I think some context is in order here. I'm sure others will correct me if I err, but Michael, here's my understanding:

* Chapters historically came into existence to (1) process donations in local currency and (2) deal with local legal issues
* The difficulty of forming a chapter that doesn't conform to legal borders has caused tension in recent years
* The WMF Board and many in the community are aware and concerned about this
* The general solution is not so much to adapt the Chapter model to fit other cases, as to establish that other cases are fine *without* carrying the name "chapter".

The Wikimedia movement has a new approach to funds dissemination; being a chapter is not the only way to get grants or put the name "Wikipedia" (or "Wikimedia" etc.) to good use.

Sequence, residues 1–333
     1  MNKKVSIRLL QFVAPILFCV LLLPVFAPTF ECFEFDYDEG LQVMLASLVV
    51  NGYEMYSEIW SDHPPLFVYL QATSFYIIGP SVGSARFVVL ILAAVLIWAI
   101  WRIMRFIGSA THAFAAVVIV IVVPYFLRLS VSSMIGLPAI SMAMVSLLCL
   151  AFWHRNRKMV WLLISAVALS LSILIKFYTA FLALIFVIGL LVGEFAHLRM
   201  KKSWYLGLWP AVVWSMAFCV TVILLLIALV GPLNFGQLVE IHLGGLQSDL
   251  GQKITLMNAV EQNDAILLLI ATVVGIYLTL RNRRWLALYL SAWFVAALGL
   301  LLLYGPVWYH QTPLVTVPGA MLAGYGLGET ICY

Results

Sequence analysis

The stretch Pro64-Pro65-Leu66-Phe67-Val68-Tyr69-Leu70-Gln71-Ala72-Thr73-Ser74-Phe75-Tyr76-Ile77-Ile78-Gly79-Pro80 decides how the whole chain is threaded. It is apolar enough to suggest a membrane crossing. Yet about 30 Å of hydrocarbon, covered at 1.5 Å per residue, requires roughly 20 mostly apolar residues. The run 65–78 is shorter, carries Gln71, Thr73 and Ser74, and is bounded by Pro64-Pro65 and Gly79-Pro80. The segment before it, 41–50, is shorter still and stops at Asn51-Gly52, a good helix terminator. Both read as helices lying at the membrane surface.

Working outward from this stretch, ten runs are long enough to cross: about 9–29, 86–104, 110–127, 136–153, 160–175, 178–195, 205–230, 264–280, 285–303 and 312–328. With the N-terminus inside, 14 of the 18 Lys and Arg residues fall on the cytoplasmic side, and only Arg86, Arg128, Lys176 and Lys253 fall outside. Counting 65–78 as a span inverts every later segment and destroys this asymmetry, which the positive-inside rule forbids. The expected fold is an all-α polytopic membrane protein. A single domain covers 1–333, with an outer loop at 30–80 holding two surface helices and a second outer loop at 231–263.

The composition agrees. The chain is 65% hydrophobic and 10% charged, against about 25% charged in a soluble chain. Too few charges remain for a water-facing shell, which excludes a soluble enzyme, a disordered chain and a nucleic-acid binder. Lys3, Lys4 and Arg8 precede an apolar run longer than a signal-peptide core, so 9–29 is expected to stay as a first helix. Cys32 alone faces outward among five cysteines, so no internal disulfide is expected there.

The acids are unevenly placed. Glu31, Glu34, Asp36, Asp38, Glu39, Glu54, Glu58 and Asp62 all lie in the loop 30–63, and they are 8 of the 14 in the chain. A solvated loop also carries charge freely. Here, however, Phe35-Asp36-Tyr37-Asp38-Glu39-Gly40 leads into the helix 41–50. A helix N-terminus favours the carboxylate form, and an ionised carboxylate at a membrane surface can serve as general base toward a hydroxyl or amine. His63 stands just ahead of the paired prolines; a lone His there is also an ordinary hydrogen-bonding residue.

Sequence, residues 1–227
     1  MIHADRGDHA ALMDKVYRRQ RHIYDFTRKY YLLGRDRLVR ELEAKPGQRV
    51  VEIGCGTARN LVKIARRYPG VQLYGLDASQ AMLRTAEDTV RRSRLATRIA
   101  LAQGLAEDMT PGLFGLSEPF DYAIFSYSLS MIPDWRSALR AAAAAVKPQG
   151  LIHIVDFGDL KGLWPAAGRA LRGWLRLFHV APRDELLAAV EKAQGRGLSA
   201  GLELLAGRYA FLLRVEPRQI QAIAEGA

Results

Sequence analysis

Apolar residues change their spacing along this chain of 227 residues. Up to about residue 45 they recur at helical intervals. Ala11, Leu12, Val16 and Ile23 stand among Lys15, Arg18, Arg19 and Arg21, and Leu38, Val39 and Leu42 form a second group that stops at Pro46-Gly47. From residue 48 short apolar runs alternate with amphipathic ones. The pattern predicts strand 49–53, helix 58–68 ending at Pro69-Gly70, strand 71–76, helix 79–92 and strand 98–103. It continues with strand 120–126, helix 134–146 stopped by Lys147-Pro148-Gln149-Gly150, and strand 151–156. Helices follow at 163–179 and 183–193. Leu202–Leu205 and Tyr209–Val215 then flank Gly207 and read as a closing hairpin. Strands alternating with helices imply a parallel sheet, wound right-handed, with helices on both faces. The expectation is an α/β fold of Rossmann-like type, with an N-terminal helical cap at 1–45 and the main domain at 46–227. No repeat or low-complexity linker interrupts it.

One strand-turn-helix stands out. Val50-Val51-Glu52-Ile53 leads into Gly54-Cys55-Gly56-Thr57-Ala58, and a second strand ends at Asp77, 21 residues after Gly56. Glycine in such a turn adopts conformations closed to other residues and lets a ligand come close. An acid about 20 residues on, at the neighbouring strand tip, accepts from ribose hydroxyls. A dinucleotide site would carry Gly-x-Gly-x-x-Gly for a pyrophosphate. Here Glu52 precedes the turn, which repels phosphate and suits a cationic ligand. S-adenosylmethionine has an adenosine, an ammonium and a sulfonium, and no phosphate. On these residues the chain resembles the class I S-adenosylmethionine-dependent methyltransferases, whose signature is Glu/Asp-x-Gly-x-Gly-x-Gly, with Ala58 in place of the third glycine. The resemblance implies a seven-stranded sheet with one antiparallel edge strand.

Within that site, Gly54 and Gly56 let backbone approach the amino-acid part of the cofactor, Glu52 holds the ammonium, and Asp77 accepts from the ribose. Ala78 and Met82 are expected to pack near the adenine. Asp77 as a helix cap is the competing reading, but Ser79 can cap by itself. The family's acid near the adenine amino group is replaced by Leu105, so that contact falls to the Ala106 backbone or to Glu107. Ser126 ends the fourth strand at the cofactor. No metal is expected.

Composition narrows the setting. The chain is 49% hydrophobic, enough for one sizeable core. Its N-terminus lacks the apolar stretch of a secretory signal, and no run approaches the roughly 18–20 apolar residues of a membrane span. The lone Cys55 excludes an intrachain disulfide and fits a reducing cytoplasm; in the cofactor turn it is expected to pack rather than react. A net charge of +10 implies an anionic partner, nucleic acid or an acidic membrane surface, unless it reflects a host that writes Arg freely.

In other words, just because the CHAPTERS committee is lukewarm to an idea like this *as a Chapter*, doesn't mean it's a non-starter or undesirable.


On Dec 19, 2012, at 4:49 PM, James Alexander wrote:

On Wed, Dec 19, 2012 at 4:41 PM, Michael C. Berch <mcb@postmodern.com> wrote:
 There are no legal or financial stakes, the issue of "municipalities" is an irrelevant triviality, and it just serves to annoy people.

Michael C. Berch

There most certainly are legal and financial stakes. An incorporated organization costs a not insignificant amount of resources and cash to maintain even before they do anything at all. This is especially true when you are spanning multiple diverse jurisdictions (such as states or countries) and have to know at least some of the laws of each. I don't think towns/cities are a major problem. I'm sure it will be an added wrinkle given that the jurisdiction overlaps the foundations offices itself.

I'm not saying chapters shouldn't be allowed, just like I said above, I just don't like the idea of such large ones. I don't think it's that beneficial.


James Alexander
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